Labor frontbencher Kristina Kenneally says the Morrison government has been caught napping on far-right extremism and has questioned why only one far-right group has been listed as a terrorist organisation.
The Senator, as a member of federal parliament's powerful Joint Committee on Intelligence and Security (PJCIS) has also questioned the Prime Minister Scott Morrison's relationship with avowed QAnon supporter Tim Stewart.
The PJCIS has approved the listing of the British-based neo-Nazi group Sonnenkrieg Division (SKD) as a terrorist organisation under the Criminal Code and has encouraged the government to continue to investigate other like-minded organisations.
The then-Home Affairs Minister Peter Dutton announced the listing in March, adding SKD to a list of Islamic militant groups. There are currently 26 proscribed organisations on the list.
In tabling the bipartisan report into the terror listing, Senator Keneally says the threat from such groups is real.
"Our Five Eyes partners have been awake to this threat for some time," she told the Senate.
"We are the last of our partners to recognise right-wing extremism for the terrorism that it is, but the Morrison government has, sadly, been caught sleeping."
The SKD or "Sun War Division" is an offshoot of the US-based white-supremacist organisation Atomwaffen Division (AWD).
With a decentralised structure, it exists primarily through online channels and uses propaganda to inspire lone-wolf style attacks. It is proscribed as a terrorist organisation in the UK.
The PJCIS found that Australians had little direct involvement with Sonnenkrieg Division but that it had reached into Australia via online activities and posed a threat to the nation.
The chair of the PJCIS, Liberal Senator James Paterson, says SKD adheres to an ideology that is violently opposed to multiethnic Western societies.
"There is a possibility that a lone-actor attack directed or inspired by SKD could result in harm to Australians," he told the senate.
"Whilst Australians are not directly involved in SKD its encouragement, promotion and glorification of lone-actor attacks could inspire some Australian extremists, and the availability of SKD propaganda online has the potential to contribute to the radicalisation of others."
Senator Keneally says there are other far-right extremist groups active in Australia of significant concern.
"They are hiding in plain sight," she said.
"They are the ones gathering and terrorising our community here in Australia already.
"The pandemic has shifted more of our interactions online, and this, along with the economic and social impacts and the anxieties and uncertainties of the last 15 months, has intensified the spread of right-wing extremist narratives."
The Deputy Leader of the Opposition in the Senate insisted the government need to do more about extreme views, including look inside itself.
"What is most concerning - terrifying even - is that some in the media and some in politics entertain these insidious, dangerous views," she said.
"We cannot allow the mainstreaming of these views. The Morrison government must sever itself from those who promote or give comfort to conspiracies and far-right extremist views, even if they exist in the Coalition party room."
Mr Morrison has a long-term friend, Tim Stewart, who is a follower of the far-right conspiracy theory QAnon - a false theory that broadly claims former US President Donald Trump is waging a war against a shadowy cabal of Democratic baby-eating paedophiles.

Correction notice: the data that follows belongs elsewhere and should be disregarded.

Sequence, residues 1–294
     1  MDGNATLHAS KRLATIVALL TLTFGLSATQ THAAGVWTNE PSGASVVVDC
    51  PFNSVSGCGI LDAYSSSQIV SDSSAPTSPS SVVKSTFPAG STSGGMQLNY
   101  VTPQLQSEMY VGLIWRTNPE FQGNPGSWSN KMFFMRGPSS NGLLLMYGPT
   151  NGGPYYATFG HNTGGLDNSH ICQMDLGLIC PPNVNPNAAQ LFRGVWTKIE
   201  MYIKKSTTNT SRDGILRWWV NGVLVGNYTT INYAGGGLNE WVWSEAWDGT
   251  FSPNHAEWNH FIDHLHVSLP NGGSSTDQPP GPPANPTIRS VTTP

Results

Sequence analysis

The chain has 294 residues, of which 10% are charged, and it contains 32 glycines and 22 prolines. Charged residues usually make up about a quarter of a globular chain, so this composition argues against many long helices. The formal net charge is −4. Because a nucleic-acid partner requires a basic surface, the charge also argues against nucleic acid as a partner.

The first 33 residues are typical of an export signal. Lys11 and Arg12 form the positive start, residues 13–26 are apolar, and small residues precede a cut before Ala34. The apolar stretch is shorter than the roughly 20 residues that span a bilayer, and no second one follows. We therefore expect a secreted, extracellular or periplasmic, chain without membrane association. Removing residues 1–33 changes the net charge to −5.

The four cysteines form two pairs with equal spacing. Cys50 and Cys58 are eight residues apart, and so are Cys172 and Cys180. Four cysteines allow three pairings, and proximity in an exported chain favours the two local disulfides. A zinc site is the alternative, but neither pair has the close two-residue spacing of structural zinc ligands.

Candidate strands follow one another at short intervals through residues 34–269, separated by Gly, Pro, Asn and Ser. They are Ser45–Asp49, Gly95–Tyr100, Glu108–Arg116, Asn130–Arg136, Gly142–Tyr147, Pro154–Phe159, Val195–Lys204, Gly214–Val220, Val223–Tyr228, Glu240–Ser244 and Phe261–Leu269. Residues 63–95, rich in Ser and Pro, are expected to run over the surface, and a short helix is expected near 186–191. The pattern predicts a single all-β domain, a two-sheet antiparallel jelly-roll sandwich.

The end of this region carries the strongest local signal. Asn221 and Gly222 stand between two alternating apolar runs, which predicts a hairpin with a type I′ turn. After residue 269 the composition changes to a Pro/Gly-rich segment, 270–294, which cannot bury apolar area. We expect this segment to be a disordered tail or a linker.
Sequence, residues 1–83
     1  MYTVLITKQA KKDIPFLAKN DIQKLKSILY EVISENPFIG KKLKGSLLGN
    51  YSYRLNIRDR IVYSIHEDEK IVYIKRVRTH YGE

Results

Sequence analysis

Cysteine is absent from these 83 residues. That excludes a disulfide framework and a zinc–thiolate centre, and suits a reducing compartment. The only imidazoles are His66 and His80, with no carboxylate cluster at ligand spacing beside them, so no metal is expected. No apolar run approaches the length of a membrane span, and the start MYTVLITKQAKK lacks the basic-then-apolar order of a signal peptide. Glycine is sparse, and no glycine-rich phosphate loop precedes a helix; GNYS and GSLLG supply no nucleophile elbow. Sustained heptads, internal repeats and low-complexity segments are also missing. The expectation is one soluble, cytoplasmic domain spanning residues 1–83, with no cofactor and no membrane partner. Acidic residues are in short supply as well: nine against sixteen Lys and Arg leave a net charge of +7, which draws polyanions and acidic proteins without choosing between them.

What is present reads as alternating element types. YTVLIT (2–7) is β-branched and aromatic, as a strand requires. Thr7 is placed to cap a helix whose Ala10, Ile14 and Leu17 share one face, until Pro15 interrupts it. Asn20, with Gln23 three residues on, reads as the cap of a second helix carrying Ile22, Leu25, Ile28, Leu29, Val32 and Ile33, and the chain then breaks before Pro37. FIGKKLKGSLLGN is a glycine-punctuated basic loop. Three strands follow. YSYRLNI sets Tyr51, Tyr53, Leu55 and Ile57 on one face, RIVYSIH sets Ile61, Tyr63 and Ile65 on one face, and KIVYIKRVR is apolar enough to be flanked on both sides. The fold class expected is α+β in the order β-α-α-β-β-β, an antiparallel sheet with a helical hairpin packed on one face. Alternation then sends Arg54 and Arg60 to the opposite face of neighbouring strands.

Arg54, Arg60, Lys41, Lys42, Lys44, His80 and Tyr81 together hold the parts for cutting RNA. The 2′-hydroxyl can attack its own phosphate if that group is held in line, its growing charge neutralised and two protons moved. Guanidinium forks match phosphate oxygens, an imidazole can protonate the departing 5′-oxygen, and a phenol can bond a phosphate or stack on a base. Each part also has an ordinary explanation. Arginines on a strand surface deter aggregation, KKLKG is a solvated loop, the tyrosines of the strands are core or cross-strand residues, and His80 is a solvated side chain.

The QAnon conspiracy and other far-right extremist thinking heavily influenced the deadly US Capitol attack in early January. Tim Stewart's family has notified the national security hotline about him several times.
Labor says the Prime Minister has questions to answer.
"That such thinking can gain traction in some members opposite and, most concerningly, in the personal relationships of Australia's Prime Minister should appal us all," Senator Keneally said.
"We should be appalled that someone who could believe in and promote such fear and hatred could be trusted by Mr Morrison to house-sit the official residence at Kirribilli, and it should appal us that Mr Morrison will still not answer questions about whether he has received briefings from his department or other agencies on the dangers posed by QAnon.
"We cannot let extreme right-wing views gain any more ground here, for we have seen how very quickly what seems like a fringe idea, what seems ridiculous and unthinkable, can become a tragic, terrifying reality.
"Here in Australia, our security agencies are warning of the increasing threat posed by right-wing extremism.
"Mr Burgess said it was 50 per cent of ASIO's domestic terrorism workload. Yet this government has only seen fit to list one right-wing group, and only this year."
The Prime Minister's relationship was canvassed in this week's Four Corners program, but Mr Morrison has been travelling overseas and has not been broadly asked about Mr Stewart. However, he was asked one question about the ABC program at a recent press conference.
"I find it deeply offensive that there would be any suggestion that I would have any involvement or support for such a dangerous organisation. I clearly do not," Mr Morrison said.
The PJCIS states that it encourages the federal government to continue investigating other like-minded organisations to potentially list them as terrorist organisations under the Criminal Code.
The committee says it will continue its own investigations through a separate inquiry which is under way into extremist movements and radicalism in Australia.
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